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Reflection questions and activities for National Reconciliation Week

Geraldine Martin |  15 May 2018

Read the blog article 'National Sorry Day' and answer the following questions. Share your answers in pairs or groups. 

Reflection questions

1. Reflect on the theme 'Don’t keep history a mystery'. What do you think this means?

2. What does National Reconciliation Week mean? Where did the idea originate and why is it so important to all of us to be part of the shared history of Australia?

3. Why do you think the Australian public prefers not to be reminded of the wrongs Indigenous Australians have suffered? Why do you think there is a need for reconciliation?

4. Many peoples have suffered discrimination and exclusion over the centuries. Think of some other countries and what they have done to right the wrongs of the past.

5. Jesus was a Jew and lived in Palestine where the indigenous peoples were treated and are still treated as if they are mere visitors to the land. How do you think Jesus would have felt and how do you think Jesus would be treating the Palestinian people today?

6. Why in our faith is it so important for us to remember our history? What is it that lies at the heart of our faith?

Activities

1. Go to the internet and look up all you can find about National Reconciliation Week.  Write down why this is such a significant week in the history of all of us living in Australia.

2. Reconciliation is an ongoing process. Find out what other opportunities you and your school could get involved with during the year. Once you have discovered these get together in small groups and talk about what action could take place.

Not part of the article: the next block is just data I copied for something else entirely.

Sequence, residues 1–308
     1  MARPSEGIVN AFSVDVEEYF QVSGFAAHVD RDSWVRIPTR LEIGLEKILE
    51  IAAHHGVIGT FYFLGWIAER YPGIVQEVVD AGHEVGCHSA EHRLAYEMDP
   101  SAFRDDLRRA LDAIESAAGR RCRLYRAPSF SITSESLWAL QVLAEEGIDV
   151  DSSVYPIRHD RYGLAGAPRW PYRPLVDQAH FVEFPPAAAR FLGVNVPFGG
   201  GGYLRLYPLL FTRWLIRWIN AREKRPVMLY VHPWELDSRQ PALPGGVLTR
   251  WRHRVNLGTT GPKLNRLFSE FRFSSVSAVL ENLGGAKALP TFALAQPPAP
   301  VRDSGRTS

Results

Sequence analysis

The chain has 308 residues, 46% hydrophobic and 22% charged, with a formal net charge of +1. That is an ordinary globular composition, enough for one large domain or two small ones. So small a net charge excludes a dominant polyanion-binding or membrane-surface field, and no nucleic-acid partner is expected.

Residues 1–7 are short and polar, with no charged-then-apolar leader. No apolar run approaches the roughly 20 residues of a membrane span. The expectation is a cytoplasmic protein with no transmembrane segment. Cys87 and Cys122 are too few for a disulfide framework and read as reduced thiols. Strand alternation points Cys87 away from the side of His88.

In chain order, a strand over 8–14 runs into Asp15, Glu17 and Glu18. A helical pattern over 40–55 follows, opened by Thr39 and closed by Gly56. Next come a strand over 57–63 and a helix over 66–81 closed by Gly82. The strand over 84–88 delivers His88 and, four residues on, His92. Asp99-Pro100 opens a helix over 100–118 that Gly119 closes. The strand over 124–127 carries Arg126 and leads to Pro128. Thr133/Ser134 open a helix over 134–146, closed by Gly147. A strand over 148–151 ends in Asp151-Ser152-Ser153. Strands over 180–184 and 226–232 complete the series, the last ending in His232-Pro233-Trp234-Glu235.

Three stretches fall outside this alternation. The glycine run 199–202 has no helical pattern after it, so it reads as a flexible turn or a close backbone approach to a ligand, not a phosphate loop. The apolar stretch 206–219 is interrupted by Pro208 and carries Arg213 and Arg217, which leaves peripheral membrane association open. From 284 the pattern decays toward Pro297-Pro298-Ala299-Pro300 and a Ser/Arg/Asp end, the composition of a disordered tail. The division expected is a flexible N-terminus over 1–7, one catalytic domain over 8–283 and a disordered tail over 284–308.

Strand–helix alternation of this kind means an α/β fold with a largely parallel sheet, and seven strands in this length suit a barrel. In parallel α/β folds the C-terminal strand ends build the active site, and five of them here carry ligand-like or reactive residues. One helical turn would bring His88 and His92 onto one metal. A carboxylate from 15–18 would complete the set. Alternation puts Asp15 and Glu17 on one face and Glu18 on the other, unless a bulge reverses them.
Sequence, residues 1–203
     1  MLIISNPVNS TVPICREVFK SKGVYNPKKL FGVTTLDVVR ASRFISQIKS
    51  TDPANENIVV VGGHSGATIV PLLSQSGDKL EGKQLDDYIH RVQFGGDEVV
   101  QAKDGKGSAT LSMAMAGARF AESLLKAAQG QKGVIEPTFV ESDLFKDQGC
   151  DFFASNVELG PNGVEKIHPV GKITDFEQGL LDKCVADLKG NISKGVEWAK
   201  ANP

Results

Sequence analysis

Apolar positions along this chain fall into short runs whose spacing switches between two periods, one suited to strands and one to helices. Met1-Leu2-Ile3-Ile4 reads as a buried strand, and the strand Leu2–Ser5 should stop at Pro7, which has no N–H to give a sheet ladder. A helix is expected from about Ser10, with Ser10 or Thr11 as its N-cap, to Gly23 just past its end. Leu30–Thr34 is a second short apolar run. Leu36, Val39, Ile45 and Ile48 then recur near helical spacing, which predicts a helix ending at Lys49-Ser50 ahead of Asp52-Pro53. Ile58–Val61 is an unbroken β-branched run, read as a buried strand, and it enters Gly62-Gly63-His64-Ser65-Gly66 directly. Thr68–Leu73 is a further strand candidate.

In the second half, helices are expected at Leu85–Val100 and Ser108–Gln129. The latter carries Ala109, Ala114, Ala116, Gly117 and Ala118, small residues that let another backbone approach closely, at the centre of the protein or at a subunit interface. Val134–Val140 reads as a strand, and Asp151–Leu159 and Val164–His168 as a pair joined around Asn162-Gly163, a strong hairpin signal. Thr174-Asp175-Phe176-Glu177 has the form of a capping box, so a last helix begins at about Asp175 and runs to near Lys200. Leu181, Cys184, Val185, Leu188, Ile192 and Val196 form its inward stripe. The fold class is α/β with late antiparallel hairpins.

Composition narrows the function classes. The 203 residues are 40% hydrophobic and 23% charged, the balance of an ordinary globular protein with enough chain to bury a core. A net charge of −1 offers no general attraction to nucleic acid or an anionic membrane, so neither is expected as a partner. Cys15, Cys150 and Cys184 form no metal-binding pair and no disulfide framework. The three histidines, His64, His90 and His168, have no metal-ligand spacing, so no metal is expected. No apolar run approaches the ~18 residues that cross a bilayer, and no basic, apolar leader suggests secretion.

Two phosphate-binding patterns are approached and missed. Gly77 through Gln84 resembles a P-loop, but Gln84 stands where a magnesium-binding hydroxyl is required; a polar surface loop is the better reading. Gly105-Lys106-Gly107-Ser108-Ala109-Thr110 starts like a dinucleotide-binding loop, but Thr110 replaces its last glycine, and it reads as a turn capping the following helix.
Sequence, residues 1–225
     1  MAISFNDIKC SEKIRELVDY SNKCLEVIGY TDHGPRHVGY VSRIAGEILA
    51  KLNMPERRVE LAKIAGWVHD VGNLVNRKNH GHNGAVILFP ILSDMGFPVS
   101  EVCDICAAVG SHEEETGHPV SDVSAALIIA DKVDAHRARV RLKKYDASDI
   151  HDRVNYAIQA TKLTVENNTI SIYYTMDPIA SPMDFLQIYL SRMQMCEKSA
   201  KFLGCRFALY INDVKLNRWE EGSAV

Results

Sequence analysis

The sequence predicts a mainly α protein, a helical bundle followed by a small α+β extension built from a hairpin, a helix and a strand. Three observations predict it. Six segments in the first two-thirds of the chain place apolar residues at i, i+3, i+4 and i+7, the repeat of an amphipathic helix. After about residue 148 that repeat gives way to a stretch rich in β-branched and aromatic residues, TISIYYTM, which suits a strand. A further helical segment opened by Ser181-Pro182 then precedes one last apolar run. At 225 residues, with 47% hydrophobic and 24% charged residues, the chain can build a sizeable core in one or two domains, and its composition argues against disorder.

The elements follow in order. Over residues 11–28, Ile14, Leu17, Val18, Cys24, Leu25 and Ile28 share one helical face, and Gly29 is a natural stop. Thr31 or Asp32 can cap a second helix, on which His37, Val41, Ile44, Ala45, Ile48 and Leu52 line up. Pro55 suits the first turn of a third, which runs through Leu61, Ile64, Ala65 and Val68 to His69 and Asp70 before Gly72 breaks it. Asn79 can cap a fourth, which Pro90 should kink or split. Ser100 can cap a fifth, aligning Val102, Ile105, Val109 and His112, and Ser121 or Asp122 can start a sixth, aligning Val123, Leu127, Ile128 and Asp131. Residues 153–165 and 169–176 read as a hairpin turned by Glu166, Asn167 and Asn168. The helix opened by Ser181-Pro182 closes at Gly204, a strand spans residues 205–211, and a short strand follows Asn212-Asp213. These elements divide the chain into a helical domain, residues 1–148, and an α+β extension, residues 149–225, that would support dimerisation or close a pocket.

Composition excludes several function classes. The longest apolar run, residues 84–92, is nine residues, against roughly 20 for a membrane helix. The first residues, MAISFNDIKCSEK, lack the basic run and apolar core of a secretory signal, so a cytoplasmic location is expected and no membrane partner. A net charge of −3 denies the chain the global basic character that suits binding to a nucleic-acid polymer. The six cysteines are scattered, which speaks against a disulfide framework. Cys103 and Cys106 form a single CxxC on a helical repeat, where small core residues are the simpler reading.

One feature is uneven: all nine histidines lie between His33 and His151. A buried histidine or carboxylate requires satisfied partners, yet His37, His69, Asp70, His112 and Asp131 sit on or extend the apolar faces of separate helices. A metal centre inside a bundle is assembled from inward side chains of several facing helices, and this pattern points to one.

3. If nothing has been organised by your school in Reconciliation Week be bold and suggest to your homeroom teacher or to administration that something needs to be done to remind all of us of the history of our past. One idea: Students could draw their hands and write a reconciliation message on it. If they can be attached to a stick that can be put into the ground or on a lawn in the school so much the better. 

4. Listen to some songs from YouTube about the beginnings of the Australian Reconciliation Movement eg. Blackfella, Whitefella/Dirtsong or 1967 Referendum eg. I’m on your side/Song to Sing/Freedom or The High Court’s Mabo decision eg. My Island Home. What are the songs saying? Why is a song so much more stirring than just words?  

Younger students

1. The teacher will need to read the article and explain what National Reconciliation Week means. What does reconciliation mean in the classroom? Young students need to compare what is real for them to what has happened in history. Is there a student in their class that is ostracised because of difference?

2. Listen to the song 'My Island Home' by Christine Anu. Let students listen to this and set some questions about how important her Island home is to her. Why is the land so important? What can we learn from the Aboriginal people about love of land and sea?

3. Let students draw their homes and then write a paragraph of why it is so important to them. Would they like it if they were lose their homes, their land and all that is dear to them? Explain to them that this is what happened to many of the Aboriginal people and we need to be sure that it may never happen again.

For more National Reconciliation Week stories and resources, go to www.reconciliation.org.au

 

Topic tags: socialjustice-australia, indigenousaustralians

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